“By simplifying bioprocess data management and suggesting optimal experimental design, we can enable smoother technological developments for the processes that the cellular agriculture industry has been pioneering,” added Zakin.

Alternative protein’s AI footprint expands

aleph farms ai
Courtesy: Daniel Elkayam/Aleph Farms

With the large amount of data generated by Aleph Farms, the BioRaptor team-up could help accelerate the development of robust and scalable production processes, according to Sagit Shalel-Levanon, senior director of process development at the cultivated meat startup.

“Our team’s scientific expertise in design of experiment (DoE) methodology and statistical analysis, complemented by BioRaptor’s AI-driven solution, will allow us to better understand the interactions between various process inputs and conditions,” she said.

“Deploying BioRaptor’s most advanced AI and machine learning solution into our R&D will provide additional support for our team to optimise processes for cost and scalability, laying a solid groundwork for our mid- to large-scale production,” said co-founder and CTO Neta Lavon. “Our approach is to build the right foundations as we grow and avoid massive capital expenditure before our process is fully ready for scale.

She continued: “We are investing time and resources to implement the most advanced tools into our differentiated technology platform and its various applications in food and beyond, thereby realising the full potential of cellular agriculture in the burgeoning bioeconomy.”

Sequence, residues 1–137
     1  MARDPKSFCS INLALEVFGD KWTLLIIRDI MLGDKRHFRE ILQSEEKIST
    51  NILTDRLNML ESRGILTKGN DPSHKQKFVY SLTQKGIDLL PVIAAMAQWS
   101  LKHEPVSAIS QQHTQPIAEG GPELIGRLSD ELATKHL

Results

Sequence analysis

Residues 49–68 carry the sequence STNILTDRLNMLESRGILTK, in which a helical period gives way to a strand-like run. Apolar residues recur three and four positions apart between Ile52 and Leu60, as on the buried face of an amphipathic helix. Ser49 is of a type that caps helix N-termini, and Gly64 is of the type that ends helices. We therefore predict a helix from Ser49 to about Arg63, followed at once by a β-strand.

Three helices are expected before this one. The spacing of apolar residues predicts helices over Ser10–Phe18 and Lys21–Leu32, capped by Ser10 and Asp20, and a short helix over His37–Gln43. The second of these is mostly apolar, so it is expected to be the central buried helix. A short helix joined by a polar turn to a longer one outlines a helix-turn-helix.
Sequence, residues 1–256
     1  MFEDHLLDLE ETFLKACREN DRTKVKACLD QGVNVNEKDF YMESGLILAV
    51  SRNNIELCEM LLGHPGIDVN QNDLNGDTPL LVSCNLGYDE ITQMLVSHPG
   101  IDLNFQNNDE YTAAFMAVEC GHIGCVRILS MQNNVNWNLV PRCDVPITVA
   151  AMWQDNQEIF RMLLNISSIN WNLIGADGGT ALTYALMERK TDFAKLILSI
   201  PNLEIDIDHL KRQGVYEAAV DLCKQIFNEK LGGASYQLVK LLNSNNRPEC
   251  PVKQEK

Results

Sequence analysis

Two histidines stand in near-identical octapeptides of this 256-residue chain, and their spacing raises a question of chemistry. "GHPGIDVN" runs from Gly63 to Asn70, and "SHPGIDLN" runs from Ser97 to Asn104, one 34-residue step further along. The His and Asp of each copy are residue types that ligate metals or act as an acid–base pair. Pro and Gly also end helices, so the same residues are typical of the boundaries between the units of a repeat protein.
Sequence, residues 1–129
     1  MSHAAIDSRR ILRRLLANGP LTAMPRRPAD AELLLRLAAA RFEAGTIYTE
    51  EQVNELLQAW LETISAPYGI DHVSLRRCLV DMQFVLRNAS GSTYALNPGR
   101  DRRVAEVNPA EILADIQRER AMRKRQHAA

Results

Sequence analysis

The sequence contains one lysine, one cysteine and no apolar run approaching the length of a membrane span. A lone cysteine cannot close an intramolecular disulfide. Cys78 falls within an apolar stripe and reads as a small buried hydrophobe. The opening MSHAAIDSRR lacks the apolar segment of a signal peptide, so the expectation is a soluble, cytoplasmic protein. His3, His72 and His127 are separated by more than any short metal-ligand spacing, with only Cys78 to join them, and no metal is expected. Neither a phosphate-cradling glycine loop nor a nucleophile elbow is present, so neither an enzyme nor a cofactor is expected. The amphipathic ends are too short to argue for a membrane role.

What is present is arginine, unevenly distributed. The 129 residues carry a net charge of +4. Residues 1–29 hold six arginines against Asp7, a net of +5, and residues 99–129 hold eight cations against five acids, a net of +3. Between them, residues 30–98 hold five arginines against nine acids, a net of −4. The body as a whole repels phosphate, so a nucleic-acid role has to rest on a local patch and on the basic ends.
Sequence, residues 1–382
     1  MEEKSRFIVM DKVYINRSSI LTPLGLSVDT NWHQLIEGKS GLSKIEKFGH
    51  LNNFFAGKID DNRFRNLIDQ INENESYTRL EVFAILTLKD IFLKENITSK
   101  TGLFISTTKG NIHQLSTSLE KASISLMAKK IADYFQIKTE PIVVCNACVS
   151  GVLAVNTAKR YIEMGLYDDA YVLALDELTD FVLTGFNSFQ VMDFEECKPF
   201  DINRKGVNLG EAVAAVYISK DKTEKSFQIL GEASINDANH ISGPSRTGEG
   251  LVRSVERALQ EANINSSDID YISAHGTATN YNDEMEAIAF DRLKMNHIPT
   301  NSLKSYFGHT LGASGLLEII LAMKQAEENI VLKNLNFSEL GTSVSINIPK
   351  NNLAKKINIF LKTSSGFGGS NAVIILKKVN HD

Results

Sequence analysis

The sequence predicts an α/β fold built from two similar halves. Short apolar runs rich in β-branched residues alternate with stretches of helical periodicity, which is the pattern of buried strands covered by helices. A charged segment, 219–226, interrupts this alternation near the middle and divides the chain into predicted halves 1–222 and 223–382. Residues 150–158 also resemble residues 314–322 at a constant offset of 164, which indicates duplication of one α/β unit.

An increasing number of alternative protein startups are deploying AI to streamline ingredient discovery, research, and production processes. Players like Chile’s NotCo, California’s Climax Foods and Singapore’s Howw Foods are all harnessing the tech for product development, while US mycelium meat maker Meati has used it to conduct a study about its product’s health benefits. And earlier this week, Shiru launched a protein discovery platform and marketplace powered by the tech.

But AI also comes with its own climate conundrums, as these systems are run on large, 24/7 data centres that mostly use fossil fuel energy, accounting for 2.5-3.7% of global GHG emissions. They use a massive amount of water too, with US centres having consumed 1.7 billion litres per day in 2014 – 0.14% of the nation’s daily water use.

“On an ongoing basis, we carefully manage our environmental footprint and this includes conducting a life-cycle assessment on our cultivated meat products, alongside measuring our corporate ecological footprint (greenhouse gases, electricity, water, and waste),” Reisler told Green Queen. “In addition, we have launched programs for energy and resource efficiency. Our transition to renewable energies, our waste management program and our detailed roadmap to net zero help us navigate through a variety of challenges as we scale and eventually meet our ambitious environmental goals.”

Aleph Farms to roll out cultivated steak in foodservice

lab grown meat approved
Courtesy: Aleph Farms